As previously relayed, if the Tenant remits the rental arrears, then the Tenant can remain and the Landlord/Tenant relationship is preserved.

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The other situation would be if the Landlord decides to not renew the existing lease agreement with the existing Tenant, provides the Tenant with the requisite notice to not renew the lease, and the Tenant remains in the unit.

In this situation, a Landlord is not seeking payment of rent, but rather seeking to evict the Tenant in a Holdover Proceeding; meaning the Tenant is “holding over” possession after the Landlord has expressed not continuing with the lease agreement/arrangement. How long the Tenant has been renting will determine the requisite notice to surrender possession.

This Holdover Proceeding also presents itself where a Landlord purchases a home at auction from a foreclosing lender and there is a Tenant occupying the home and refuses to leave post-closing.

“One thing is for sure, as New York State does not afford the Landlord any right to “self help” meaning absent securing a judgment of possession and warrant of eviction from a court, the Landlord cannot change the locks, access the rental dwelling, or touch any of the Tenant’s belongings,” Nozzolillo explained. “Failing to comply can result in criminal liability against the Landlord.”

Rights and actions for Tenants

As far as the Tenant’s rights are concerned, that depends on whether there was a situation that occurred where the Landlord was remiss in obligations that would justify the Tenant’s non-payment of rent—if the Landlord breached any part of the “Warranty of Habitability” or if there are health/safety hazards that are left untreated after the Tenant places the Landlord on Actual Notice, for example.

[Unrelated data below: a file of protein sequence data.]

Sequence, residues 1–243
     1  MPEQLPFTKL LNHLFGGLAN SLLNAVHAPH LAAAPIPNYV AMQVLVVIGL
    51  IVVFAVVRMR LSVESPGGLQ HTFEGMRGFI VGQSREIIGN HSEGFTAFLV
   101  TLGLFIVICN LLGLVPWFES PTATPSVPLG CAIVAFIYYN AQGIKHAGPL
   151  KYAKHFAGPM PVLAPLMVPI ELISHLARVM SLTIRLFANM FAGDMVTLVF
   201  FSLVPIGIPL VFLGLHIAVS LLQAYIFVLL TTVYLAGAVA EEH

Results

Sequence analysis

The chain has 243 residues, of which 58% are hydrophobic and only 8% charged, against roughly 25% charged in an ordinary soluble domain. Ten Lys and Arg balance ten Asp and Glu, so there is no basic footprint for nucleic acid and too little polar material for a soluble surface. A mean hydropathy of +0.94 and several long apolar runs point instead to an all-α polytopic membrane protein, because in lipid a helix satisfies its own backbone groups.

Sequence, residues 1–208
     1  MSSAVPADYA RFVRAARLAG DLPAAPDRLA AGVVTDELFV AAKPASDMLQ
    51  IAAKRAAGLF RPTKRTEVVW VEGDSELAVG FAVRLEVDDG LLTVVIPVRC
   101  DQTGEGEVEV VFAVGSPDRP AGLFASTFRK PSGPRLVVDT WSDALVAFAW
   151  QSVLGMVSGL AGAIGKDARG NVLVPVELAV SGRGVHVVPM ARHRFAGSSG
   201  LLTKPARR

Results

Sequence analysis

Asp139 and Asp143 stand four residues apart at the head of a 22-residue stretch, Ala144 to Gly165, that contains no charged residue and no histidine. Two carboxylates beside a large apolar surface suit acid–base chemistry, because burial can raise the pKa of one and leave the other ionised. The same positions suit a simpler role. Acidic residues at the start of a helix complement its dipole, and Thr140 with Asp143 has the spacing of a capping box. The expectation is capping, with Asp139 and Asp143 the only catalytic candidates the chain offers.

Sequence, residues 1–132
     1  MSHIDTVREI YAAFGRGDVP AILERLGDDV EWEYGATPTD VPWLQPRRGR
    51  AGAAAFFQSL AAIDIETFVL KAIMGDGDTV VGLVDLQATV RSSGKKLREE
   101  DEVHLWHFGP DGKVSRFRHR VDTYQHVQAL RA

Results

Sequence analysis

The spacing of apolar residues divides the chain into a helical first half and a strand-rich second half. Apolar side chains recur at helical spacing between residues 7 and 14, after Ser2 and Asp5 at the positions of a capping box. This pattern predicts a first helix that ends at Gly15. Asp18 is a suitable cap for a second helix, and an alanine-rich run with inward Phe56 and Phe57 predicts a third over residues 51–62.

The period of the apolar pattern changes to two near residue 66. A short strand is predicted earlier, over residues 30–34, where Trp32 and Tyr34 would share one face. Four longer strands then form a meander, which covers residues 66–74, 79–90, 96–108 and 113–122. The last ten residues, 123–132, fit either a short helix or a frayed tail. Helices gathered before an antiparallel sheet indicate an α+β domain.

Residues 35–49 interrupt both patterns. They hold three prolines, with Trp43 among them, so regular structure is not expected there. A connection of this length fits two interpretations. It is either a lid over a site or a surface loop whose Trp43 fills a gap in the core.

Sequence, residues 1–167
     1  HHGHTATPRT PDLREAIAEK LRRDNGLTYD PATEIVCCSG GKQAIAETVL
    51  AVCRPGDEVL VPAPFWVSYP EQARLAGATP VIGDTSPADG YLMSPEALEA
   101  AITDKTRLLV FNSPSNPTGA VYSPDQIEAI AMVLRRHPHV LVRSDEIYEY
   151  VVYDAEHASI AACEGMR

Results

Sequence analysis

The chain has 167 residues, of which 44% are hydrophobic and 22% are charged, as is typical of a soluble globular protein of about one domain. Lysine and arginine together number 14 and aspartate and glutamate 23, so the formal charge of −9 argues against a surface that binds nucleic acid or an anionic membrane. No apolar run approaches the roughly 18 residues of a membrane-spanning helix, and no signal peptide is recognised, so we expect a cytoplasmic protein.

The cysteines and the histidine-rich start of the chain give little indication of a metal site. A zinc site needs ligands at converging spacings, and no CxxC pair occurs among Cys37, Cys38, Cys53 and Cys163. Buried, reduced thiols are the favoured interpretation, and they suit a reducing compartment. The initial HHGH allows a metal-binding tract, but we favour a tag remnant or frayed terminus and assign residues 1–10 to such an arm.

In these situations, Tenants can refrain from paying rent to the Landlord and instead use that money to hire a professional to come and treat/cure the problem. The Tenant can also choose to prematurely terminate the lease and vacate the premises.

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This situation can also arise where there are multiple units being rented, like a two family home, and one of the Tenants is compromising the rights of the other (playing loud music at late night hours,etc.). Essentially where one Tenant's right to “quiet use and enjoyment” is compromised by the other, rental payments to the Landlord can be withheld by the burdened Tenant.

“I have seen a variety of scenario combinations,” Nozzolillo explained. “Each situation is different, and the fact pattern will determine the legal analysis, approach, and eventual legal remedy to be sought.”

“This Landlord/Tenant terrain has become volatile, and only a skilled and seasoned attorney should be relied on to navigate one through this territory,” he added. “Be sure to defer to the knowledge and experience of a seasoned attorney who can help guide you through the red tape, whether as a Landlord or Tenant, and assure that your legal rights are best protected—and that justice is served.”

Learn more about the services offered by attorney Anthony A. Nozzolillo, Esq. by visiting his website at nozzolillo.com, via email anthony@nozzolillo.com, or by calling (516) 581-4713.

The content of this article is for informational purposes only and is not to be construed as legal advice nor create an Attorney Client Relationship. Prior Results Do Not Guarantee a Similar Outcome.